07 July 2014 at 08.18 GMT
Cutting VAT on hotels and visitor attractions would generate £3.9 billion in extra tax to the Treasury over 10 years, a new report claims.
The whole economy would also be boosted by £4 billion due to greater investment in the industry, and more than 120,000 jobs would be created in the UK, according to research by Nevin Associates, led by economist Michael Nevin and commissioned by the Cut Tourism VAT campaign.
Although cutting the tax from 20% to 5% would dent Treasury coffers in the first year, it would more than recoup the loss in the long term, the report argues.
The cut would deprive the Chancellor of £1.56 billion in VAT receipts over 10 years, according to the study. But the government would gain an extra £261 million in corporation tax as profits in the leisure sector rose and £231 million from high income tax takings as employment rose.
Lower benefit payments and the boost to the wider economy through firms supplying the tourist sector would add almost £1 billion.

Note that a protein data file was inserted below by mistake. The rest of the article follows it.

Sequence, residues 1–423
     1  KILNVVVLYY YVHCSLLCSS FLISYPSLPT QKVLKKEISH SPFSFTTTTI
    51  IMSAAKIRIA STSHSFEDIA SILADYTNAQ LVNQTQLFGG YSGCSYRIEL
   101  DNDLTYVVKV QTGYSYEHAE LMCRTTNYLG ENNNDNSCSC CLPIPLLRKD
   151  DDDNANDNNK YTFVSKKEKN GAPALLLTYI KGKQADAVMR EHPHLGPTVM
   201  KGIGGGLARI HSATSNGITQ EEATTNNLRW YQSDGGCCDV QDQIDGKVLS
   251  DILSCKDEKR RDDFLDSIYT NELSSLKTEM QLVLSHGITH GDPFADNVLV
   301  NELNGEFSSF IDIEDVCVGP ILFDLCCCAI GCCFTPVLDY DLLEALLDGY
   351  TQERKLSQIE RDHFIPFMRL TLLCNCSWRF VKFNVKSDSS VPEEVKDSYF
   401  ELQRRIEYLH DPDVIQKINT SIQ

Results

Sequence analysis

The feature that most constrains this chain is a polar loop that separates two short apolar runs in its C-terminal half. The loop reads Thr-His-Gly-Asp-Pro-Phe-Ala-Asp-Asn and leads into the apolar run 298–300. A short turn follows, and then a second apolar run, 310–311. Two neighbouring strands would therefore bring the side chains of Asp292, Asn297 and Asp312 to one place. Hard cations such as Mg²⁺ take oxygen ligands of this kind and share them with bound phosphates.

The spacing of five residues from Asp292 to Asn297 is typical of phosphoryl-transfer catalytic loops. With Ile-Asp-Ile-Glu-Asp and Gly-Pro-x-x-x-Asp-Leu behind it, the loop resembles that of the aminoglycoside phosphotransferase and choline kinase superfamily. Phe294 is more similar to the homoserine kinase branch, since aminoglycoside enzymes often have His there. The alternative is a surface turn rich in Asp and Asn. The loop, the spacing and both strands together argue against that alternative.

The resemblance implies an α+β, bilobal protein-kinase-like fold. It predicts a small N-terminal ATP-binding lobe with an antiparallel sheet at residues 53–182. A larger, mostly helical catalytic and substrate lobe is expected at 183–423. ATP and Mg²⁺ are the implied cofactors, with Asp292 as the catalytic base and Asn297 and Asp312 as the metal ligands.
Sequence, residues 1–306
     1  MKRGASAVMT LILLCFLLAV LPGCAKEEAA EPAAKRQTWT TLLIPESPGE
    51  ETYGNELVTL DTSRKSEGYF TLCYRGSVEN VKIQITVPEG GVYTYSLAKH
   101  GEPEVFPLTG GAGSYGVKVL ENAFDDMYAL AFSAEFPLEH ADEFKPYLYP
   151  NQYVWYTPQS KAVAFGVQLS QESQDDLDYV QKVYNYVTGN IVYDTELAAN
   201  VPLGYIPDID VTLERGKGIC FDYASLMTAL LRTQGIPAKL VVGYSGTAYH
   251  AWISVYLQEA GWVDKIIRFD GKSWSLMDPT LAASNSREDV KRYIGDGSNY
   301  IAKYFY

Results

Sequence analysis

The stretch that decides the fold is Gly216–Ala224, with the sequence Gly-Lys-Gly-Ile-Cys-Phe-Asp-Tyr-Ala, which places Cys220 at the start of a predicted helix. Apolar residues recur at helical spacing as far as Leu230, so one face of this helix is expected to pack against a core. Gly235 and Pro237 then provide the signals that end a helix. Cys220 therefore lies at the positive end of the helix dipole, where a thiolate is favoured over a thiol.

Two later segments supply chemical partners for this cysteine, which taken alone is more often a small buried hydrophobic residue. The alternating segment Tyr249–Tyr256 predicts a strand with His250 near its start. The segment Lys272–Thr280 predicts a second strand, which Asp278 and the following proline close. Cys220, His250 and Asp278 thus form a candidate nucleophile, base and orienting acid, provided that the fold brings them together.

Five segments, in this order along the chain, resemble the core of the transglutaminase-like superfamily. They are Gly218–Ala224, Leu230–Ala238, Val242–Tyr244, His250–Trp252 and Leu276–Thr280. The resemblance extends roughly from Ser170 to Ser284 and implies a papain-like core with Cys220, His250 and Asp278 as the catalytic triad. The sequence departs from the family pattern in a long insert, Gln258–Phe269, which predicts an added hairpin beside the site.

The plan would also cut the UK’s £17 billion tourism balance of payment deficit – the amount spent by Britons on foreign holidays compared to that of inbound tourists.
Tourism employs more than 3.1 million people and generated £127 million of GDP last year.
Cut Tourism VAT campaign chairman Graham Wason told the Mail on Sunday: “Tourism is a great success story in the UK but it could do much better.
“It’s barmy that we are one of a very small number of countries in the EU not taking advantages of the ability to reduce VAT for the tourist industry. We’re just shooting ourselves in the foot.”
More than 60 politicians from across the UK have come out in support of the campaign.
Sourced from Travel Weekly